860. Almost without sense

774senses

James lost his sense of smell.

He lost his sense of taste.

Gradually, he lost his sight.

He lost his hearing.

He still had his memory and his touch.

He wrote beautiful poetry.

24 thoughts on “860. Almost without sense

  1. Cynthia Jobin

    His good memory recalled the ‘De Consolatione Philosophiae” written by the medieval Boethius in exile, and with this in mind, and his sensitive touch to the keyboard, he began to compose his own opus— which was to become famously known as a kind of ‘De Consolatione Poeticae.’

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    1. Bruce Goodman Post author

      Now you’ve got me scrambling all over Google trying to catch up. He could write it as a conversation between himself and “Lady Poetry” – “Lady Poetry” being a famous American poet. Isn’t it funny how giving something in Latin adds a touch of class!? It’s sort of sophisticated – like “Brussels Sprouts au gratin”!

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      1. Cynthia Jobin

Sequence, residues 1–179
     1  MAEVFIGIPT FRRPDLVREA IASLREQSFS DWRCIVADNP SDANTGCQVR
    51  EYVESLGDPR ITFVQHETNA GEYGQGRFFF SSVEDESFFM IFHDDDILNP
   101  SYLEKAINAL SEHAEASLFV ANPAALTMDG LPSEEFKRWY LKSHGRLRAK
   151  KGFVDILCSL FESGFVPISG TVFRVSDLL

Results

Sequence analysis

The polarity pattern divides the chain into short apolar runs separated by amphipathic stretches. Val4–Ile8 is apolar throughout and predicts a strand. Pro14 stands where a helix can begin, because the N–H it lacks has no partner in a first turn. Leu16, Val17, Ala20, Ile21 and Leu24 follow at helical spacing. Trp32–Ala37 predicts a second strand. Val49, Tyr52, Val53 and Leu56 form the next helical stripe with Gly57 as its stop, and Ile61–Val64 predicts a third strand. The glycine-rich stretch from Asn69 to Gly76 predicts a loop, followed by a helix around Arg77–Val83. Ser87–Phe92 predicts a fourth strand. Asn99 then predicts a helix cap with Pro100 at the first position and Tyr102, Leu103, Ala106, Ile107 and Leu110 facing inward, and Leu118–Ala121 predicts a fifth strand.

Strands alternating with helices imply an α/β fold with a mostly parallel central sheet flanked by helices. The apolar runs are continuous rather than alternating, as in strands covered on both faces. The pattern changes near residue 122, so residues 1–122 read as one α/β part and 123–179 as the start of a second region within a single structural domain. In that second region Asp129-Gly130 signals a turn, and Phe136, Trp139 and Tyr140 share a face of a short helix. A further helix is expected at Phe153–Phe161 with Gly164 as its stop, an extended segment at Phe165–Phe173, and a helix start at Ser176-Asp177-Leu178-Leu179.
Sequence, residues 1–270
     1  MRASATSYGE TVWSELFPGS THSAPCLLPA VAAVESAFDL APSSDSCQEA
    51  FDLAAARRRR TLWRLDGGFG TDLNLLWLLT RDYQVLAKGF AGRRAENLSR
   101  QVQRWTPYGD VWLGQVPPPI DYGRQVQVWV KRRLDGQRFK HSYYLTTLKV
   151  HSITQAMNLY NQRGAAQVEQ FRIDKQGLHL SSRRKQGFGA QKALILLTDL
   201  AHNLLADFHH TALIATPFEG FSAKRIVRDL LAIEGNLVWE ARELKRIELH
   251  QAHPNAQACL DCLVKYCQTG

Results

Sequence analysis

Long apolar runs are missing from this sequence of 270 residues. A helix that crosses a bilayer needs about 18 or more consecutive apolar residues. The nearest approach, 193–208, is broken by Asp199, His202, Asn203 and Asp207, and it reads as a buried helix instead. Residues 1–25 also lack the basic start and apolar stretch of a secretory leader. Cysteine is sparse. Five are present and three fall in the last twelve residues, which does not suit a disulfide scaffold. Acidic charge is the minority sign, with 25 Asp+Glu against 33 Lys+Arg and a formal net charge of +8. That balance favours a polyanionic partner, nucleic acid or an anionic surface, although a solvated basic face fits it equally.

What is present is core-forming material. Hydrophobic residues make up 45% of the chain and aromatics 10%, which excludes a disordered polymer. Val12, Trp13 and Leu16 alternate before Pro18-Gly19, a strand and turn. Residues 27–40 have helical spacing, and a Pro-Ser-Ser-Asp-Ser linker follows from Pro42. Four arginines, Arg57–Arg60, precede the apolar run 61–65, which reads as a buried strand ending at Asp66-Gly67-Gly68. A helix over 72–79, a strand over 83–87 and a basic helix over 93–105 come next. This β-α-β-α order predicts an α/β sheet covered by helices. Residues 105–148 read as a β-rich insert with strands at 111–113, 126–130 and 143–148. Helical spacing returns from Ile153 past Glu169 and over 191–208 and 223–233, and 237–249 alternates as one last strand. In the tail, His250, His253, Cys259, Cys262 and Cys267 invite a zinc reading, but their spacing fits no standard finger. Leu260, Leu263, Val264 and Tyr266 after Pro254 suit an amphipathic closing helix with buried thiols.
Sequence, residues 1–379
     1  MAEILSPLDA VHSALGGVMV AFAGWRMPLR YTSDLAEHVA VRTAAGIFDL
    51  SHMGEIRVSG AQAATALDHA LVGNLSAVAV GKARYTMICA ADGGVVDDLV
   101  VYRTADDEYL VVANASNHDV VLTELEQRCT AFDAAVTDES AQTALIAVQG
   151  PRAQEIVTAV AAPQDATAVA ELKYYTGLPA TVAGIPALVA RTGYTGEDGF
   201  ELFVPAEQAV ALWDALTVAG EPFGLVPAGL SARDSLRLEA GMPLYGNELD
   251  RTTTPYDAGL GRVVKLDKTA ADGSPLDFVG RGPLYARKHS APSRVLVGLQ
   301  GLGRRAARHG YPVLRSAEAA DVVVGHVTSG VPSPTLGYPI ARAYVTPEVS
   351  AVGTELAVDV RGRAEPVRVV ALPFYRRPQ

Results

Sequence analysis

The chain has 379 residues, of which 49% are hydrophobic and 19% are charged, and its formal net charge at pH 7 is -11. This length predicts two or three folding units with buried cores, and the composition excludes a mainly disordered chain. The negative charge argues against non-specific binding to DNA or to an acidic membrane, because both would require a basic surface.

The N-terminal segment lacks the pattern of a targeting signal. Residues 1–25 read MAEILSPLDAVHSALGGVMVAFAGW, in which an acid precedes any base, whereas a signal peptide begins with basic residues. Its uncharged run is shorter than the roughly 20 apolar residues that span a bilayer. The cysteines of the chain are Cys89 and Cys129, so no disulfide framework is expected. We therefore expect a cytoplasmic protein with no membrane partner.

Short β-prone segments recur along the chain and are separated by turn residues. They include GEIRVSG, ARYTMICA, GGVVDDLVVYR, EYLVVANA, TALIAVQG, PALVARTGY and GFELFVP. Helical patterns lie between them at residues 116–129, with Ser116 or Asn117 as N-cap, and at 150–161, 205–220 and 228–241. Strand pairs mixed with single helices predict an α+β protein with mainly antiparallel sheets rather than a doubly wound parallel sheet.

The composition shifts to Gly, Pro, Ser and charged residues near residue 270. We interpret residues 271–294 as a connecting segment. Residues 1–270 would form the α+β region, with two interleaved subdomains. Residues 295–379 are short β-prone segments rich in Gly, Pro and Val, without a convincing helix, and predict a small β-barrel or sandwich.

Latin still has that cachet, even though nobody speaks it, and hardly anyone even studies it anymore….it impresses people with its mysterious names for plants and medical problems.

        “Au gratin,” being French, is also impressive. I who am past the age of being impressed about very much can only say: everything is better with cheese; even brussels sprouts.

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          1. Cynthia Jobin

            True! We were always told to say “cheese.” But the photographer who was doing yearbook photos for my college had a different idea. He said “cheese” gives you a horsey, fake grin. He recommended we say “peaches,” instead.

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  2. thecontentedcrafter

    I have often thought that touch is a most important sense – imagine living without it …….. and of course memory will tell him what sight and hearing were like and with memory he still knows who he is and with touch he can know others. Helen Keller springs to mind …….

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Gentle thoughts and expressions of astoundedness are both gratefully accepted.

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